Watch: First debate in high-stakes NC Senate race

BY Gary D. Robertson, Associated Press  September 3, 2014 at 5:18 PM EST

PBS NewsHour will live stream tonight’s hourlong North Carolina Senate debate beginning at 6:30 p.m. EDT. The debate is hosted by the North Carolina Association of Broadcasters Educational Foundation.

RALEIGH, N.C. — Democratic Sen. Kay Hagan and Republican challenger Thom Tillis are seeking political advantage in their first debate as television advertising intensifies in a costly, competitive Senate race with national stakes.

The hourlong confrontation Wednesday night marks the first major post-Labor Day event of a national struggle between the political parties for Senate control.

Republicans must gain six states to win the Senate majority and have long listed North Carolina as a top target. Two months before the election, polling suggests that the race is a toss-up.

Hagan, 61, fashions herself as “not too far left, not too far right. Just like North Carolina” in her television advertising at a time when President Barack Obama’s popularity has declined in the state compared to last year.

At the same time, Hagan and allies accuse Tillis of presiding over a cut in education spending as speaker of one house of the North Carolina legislature. They also say he slashed unemployment benefits and weakened voter protections for minorities.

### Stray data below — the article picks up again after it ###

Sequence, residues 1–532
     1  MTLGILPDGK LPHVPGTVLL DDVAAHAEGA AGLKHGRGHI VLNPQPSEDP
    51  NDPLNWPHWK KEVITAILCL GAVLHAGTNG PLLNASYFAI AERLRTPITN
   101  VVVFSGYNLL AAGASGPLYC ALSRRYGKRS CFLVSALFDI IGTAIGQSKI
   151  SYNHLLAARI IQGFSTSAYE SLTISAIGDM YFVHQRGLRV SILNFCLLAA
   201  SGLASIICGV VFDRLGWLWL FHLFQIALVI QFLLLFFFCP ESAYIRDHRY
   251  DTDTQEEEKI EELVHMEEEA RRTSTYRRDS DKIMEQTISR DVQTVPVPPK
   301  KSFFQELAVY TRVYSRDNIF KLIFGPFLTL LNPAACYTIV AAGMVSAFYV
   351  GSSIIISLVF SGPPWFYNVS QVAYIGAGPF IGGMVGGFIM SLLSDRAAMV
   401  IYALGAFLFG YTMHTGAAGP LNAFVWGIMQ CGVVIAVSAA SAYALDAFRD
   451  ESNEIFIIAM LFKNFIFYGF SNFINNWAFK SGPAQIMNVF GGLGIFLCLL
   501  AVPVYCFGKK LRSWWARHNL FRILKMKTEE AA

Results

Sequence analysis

Tillis, 54, counters that education spending has risen each year since he became speaker, and teacher pay grew on average by 7 percent this year.

Since winning the Republican primary in May, Tillis has said Hagan’s voting record is shaped by Obama’s agenda rather than the needs of her constituents, as evidenced in her vote for the president’s health care legislation.

Hagan has treated Obama gingerly. She criticized his policy on veterans recently a few days before he visited the state, then welcomed him warmly when he stepped off Air Force One in Charlotte to speak to the American Legion.

Hagan, Tillis and their allies have already spent about $29 million on the race, according to the Center for Responsive Politics, making it one of the most expensive in the country.

Much of that has gone into television commercials.

The National Republican Senatorial Committee began running a new ad Wednesday criticizing Hagan’s tenure as a state senator through 2008, when she defeated Sen. Elizabeth Dole in an upset.

The U.S. Chamber of Commerce, which backs Tillis, announced it intends to begin two weeks of advertising on Thursday.

The Democratic Senatorial Campaign Committee has pledged to spend $9.1 million in advertising supporting Hagan.